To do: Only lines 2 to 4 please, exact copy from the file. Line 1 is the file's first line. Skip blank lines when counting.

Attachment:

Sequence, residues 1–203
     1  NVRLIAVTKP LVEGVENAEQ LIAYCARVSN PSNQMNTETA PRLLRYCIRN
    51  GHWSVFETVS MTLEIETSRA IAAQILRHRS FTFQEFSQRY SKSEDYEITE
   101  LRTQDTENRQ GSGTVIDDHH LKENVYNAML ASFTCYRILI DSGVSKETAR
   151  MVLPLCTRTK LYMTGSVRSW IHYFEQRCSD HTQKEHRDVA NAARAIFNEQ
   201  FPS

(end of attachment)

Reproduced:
     1  NVRLIAVTKP LVEGVENAEQ LIAYCARVSN PSNQMNTETA PRLLRYCIRN
    51  GHWSVFETVS MTLEIETSRA IAAQILRHRS FTFQEFSQRY SKSEDYEITE
   101  LRTQDTENRQ GSGTVIDDHH LKENVYNAML ASFTCYRILI DSGVSKETAR